Hate Crimes Bill (S 966): Anti 1st Ammendment and freedom of religion

Posted: March 30, 2012 in 2012, Government Conspiracy, History, New World Order, Police State, Religion
Tags: , , , , , , , , ,

(Author’s note:  In regards to my previous post https://jimmyprophet.wordpress.com/2012/03/28/new-hate-crimes-law-to-make-true-christianity-illegal-in-america/ here is the bill proposed back in 2003,

“US Senate bill S. 933 proposed by the Illuminist Senator Edward Kennedy of Massachussetts as S. 966 in 2003 was indeed stopped in 2003 but in the summer of 2004 it was quietly inserted into a Senate defense spending bill and hidden inside a bundle of legislation. The bill just passed in the US Senate by a vote of 65 to 33 is called the: Local Law Enforcement Enhancement Act (S. 933), a pro-homosexual hate crimes bill. It now goes to the House of Representatives for final approval. This bill has also been identified as Senate bill, S. 966.”)

 

S 966 IS

108th CONGRESS

1st Session

S. 966

To provide Federal assistance to States and local jurisdictions to prosecute hate crimes.

IN THE SENATE OF THE UNITED STATES

May 1, 2003

Mr. KENNEDY (for himself, Mr. SPECTER, Mr. DASCHLE, Mr. SMITH, Mr. LEAHY, Ms. COLLINS, Mr. LIEBERMAN, Ms. SNOWE, Mr. WYDEN, Mr. JEFFORDS, Mr. SCHUMER, Mr. CHAFEE, Mr. AKAKA, Mr. ENSIGN, Mr. BAYH, Mr. BIDEN, Mr. BINGAMAN, Mrs. BOXER, Mr. BREAUX, Ms. CANTWELL, Mr. CARPER, Mrs. CLINTON, Mr. CORZINE, Mr. DAYTON, Mr. DODD, Mr. DORGAN, Mr. DURBIN, Mr. EDWARDS, Mrs. FEINSTEIN, Mr. GRAHAM of Florida, Mr. HARKIN, Mr. INOUYE, Mr. JOHNSON, Mr. KERRY, Ms. LANDRIEU, Mr. LEVIN, Mrs. LINCOLN, Ms. MIKULSKI, Mr. MILLER, Mrs. MURRAY, Mr. NELSON of Nebraska, Mr. NELSON of Florida, Mr. REED, Mr. REID, Mr. ROCKEFELLER, Mr. SARBANES, Ms. STABENOW, Mr. LAUTENBERG, and Mr. PRYOR) introduced the following bill; which was read twice and referred to the Committee on the Judiciary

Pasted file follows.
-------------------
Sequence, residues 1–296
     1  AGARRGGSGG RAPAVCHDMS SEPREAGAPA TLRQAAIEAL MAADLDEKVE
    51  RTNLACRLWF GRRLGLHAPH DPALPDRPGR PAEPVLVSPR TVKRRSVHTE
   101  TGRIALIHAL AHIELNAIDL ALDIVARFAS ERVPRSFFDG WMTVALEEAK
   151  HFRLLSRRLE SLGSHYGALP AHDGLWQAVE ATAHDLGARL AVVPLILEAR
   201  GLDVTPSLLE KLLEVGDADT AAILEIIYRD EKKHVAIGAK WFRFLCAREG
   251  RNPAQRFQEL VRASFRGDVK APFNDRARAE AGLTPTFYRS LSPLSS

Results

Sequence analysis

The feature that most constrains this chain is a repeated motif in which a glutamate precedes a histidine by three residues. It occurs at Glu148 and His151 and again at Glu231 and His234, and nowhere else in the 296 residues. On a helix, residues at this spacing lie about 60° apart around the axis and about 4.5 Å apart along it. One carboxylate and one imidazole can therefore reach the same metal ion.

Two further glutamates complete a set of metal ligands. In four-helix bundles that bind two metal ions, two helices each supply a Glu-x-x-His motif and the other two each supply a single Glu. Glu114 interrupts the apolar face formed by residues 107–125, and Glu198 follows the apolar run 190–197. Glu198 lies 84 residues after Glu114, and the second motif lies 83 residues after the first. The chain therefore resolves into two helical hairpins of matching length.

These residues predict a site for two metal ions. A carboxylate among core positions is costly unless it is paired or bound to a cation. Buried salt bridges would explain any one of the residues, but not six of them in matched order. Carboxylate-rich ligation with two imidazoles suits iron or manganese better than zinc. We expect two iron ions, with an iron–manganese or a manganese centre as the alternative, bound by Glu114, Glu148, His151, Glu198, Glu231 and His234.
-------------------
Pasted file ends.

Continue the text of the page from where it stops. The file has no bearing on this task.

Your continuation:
A BILL

To provide Federal assistance to States and local jurisdictions to prosecute hate crimes.

Be it enacted by the Senate and House of Representatives of the United States of America in Congress assembled,

SECTION 1. SHORT TITLE.

This Act may be cited as the ‘Local Law Enforcement Enhancement Act of 2003’.

SEC. 2. FINDINGS.

Congress makes the following findings:

(1) The incidence of violence motivated by the actual or perceived race, color, religion, national origin, gender, sexual orientation, or disability of the victim poses a serious national problem.

(2) Such violence disrupts the tranquility and safety of communities and is deeply divisive.

(3) State and local authorities are now and will continue to be responsible for prosecuting the overwhelming majority of violent crimes in the United States, including violent crimes motivated by bias. These authorities can carry out their responsibilities more effectively with greater Federal assistance.

(4) Existing Federal law is inadequate to address this problem.

(5) The prominent characteristic of a violent crime motivated by bias is that it devastates not just the actual victim and the family and friends of the victim, but frequently savages the community sharing the traits that caused the victim to be selected.

(6) Such violence substantially affects interstate commerce in many ways, including–

(A) by impeding the movement of members of targeted groups and forcing such members to move across State lines to escape the incidence or risk of such violence; and

(B) by preventing members of targeted groups from purchasing goods and services, obtaining or sustaining employment, or participating in other commercial activity.

(7) Perpetrators cross State lines to commit such violence.

(8) Channels, facilities, and instrumentalities of interstate commerce are used to facilitate the commission of such violence.

(9) Such violence is committed using articles that have traveled in interstate commerce.

(10) For generations, the institutions of slavery and involuntary servitude were defined by the race, color, and ancestry of those held in bondage. Slavery and involuntary servitude were enforced, both prior to and after the adoption of the 13th amendment to the Constitution of the United States, through widespread public and private violence directed at persons because of their race, color, or ancestry, or perceived race, color, or ancestry. Accordingly, eliminating racially motivated violence is an important means of eliminating, to the extent possible, the badges, incidents, and relics of slavery and involuntary servitude.